Tuesday, the U.S. State Department issued a travel warning for Nicaragua. The capital is a bit in turmoil and democracy hangs in a precarious balance between traffic rotundas, the epicenters of national protests. Indeed, Nicaragua’s having a rough time at this point due to the municipal elections of two weeks prior which were, according to most news sources, rigged. Given that two of six million Nicaraguans live in Managua, and therefore the position of mayor holds a great deal of power, the outcome of their election is important. But, it’s important more so because it’s symbolic of the health of the institution of democracy in Nicaragua. In Leon, a city up north, bags of uncounted ballots were found in the cities dump and more than one person has claimed that they were turned away from the polls. More so than pitting one party against another, the election demonstrates some pretty serious cracks in Nicaragua’s democratic foundation–and perhaps that it’s all a charade.
The election carries with it echoes of the 80’s. I, for one, thought that this was long past—and indeed, it is, from all signs around the country—but this election is showing that what seemed like a stable democracy, born out of war, is perhaps not so stable after all. I chatted with some gringos with run a hotel down by the beach who were quite concerned about the distress in Managua. Now, especially being in Gigante, I don’t feel remotely unsafe. Although it’s certainly troubling for Nicaragua and Nicaraguans, I don’t feel like these protests in the capital affect me too much. But, understandably, those who have invested in Nicaragua and live here full-time are made nervous by such volatility in the government, especially since the president has been accused of returning to “dictatorship”.
I’ve made a Nicaraguan friend besides the folks at the hotel, a fellow who works at a resort a couple of kilometers away. He comes by Brio most nights to use the internet and is super nice. Originally from Managua, he’s always full of updates and information about what’s going on. Yesterday, he blew into Brio as I was preparing for my 6 p.m. class and said “Megan, Managua’s on fire.” No, no, no, not literally on fire. But, he has friends there calling him to update him on the people protesting in the streets, information which was then passed along to me. Juan is, as always, a fantastic source of information: “Juan what happened in Managua yesterday,” I asked this morning, and got up half-an-hour later after Juan passed his news-gathering wisdom along. So, I’m actually quite proud of myself for being in the know, not because I’ve been reading the news (which I have) but because I’ve been talking to Nicaraguans.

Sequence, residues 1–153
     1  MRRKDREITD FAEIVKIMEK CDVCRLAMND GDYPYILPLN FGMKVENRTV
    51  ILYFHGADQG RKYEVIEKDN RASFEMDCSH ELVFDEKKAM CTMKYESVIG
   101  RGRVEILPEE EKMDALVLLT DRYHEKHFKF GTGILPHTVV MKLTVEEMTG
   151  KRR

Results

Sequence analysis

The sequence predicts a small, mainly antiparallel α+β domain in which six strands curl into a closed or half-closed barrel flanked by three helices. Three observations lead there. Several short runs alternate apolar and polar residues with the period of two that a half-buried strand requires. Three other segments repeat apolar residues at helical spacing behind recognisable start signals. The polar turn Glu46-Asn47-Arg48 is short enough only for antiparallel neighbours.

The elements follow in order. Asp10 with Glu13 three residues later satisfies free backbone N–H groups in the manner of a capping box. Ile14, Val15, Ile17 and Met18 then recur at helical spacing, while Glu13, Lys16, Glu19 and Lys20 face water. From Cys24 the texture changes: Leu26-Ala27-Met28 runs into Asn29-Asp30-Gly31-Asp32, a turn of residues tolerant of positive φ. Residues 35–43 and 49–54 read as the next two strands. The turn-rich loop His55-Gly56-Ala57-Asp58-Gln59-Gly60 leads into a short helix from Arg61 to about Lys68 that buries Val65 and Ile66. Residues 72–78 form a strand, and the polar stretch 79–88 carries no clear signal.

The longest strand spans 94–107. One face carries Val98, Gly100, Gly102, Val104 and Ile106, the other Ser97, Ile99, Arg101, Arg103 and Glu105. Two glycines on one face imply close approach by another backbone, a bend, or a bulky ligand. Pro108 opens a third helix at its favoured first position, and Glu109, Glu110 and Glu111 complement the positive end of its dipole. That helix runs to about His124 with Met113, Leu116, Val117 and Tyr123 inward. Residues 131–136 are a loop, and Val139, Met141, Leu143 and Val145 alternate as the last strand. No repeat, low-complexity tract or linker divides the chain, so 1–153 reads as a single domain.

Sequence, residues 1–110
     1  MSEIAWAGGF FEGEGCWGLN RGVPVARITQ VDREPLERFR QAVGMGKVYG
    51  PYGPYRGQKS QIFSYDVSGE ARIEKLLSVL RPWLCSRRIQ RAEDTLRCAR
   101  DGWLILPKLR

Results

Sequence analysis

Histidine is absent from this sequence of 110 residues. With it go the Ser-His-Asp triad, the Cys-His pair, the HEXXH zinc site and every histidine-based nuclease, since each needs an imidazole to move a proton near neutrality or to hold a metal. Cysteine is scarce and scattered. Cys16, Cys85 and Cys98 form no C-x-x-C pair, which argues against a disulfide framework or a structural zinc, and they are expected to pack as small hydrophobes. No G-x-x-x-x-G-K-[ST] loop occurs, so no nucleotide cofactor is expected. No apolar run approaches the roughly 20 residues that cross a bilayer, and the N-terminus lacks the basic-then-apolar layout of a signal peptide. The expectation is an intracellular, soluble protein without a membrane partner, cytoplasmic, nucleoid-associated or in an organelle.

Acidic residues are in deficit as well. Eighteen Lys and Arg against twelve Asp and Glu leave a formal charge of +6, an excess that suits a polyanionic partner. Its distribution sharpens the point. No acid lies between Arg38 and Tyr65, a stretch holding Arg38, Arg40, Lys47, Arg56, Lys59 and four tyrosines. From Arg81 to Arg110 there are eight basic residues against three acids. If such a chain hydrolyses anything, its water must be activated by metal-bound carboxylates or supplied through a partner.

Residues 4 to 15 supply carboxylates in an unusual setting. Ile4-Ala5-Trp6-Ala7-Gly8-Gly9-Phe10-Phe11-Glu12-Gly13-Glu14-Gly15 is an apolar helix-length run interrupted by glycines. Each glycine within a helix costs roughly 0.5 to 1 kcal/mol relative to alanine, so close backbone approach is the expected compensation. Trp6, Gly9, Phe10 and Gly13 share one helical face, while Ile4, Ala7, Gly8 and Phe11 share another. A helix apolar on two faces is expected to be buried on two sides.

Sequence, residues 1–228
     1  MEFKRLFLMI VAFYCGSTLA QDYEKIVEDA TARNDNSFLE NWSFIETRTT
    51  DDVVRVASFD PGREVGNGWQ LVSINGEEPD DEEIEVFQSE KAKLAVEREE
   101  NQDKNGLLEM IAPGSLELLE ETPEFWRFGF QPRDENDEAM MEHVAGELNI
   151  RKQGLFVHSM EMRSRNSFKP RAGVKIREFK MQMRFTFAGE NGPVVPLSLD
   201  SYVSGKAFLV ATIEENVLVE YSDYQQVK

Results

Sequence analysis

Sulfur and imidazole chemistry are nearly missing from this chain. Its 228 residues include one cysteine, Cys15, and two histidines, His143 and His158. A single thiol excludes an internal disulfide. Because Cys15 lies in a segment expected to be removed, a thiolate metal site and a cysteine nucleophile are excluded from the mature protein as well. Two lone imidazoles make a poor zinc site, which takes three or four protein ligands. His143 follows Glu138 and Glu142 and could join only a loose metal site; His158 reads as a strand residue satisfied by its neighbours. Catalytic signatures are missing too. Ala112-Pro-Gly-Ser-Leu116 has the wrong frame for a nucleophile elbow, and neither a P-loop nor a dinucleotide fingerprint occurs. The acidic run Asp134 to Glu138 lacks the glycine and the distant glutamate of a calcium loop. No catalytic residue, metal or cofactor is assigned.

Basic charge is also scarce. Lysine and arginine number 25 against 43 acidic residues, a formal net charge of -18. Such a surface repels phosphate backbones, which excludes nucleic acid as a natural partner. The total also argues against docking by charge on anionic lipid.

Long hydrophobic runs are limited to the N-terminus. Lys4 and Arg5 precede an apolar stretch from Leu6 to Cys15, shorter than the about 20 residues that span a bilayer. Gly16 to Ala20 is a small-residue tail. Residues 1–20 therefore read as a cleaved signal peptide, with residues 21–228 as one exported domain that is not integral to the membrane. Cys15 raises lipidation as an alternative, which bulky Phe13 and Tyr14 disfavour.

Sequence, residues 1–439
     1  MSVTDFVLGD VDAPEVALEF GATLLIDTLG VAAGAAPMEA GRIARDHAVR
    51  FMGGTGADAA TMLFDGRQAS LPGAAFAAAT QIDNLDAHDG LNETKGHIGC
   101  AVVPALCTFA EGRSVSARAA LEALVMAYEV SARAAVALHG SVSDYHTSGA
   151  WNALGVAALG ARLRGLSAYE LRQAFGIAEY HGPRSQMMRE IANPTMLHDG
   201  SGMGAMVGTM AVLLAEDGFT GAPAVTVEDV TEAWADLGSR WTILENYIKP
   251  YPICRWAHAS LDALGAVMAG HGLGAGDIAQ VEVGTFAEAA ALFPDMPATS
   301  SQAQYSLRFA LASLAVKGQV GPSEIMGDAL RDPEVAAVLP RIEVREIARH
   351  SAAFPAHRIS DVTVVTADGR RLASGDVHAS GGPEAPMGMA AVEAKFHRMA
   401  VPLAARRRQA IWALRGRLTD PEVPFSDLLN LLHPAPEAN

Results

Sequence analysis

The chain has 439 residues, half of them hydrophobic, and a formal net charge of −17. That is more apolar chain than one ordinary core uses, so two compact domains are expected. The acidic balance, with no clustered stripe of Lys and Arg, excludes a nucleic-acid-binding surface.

My friend sent me a forward he got from a friend in Managua about propaganda posters all around Managua of President Daniel Ortega. Ortega’s got his fist raised, a standard gesture, and below says “More power, more democracy!” Apparently, the shadow of his hand is the in shape of a serpent, mouth stretching over Sr. Ortega’s heart. The email is attempting to demonstrate some relation between the Sandanista’s and Satanism, how and what I didn’t take the time to figure out. But, what impressed me about this email of, essentially, political spam, was that it was in powerpoint form: some lonely Nica somewhere went through the trouble to make a fourteen-slide powerpoint about subliminal messages in political advertisements; the craft alone impressed me.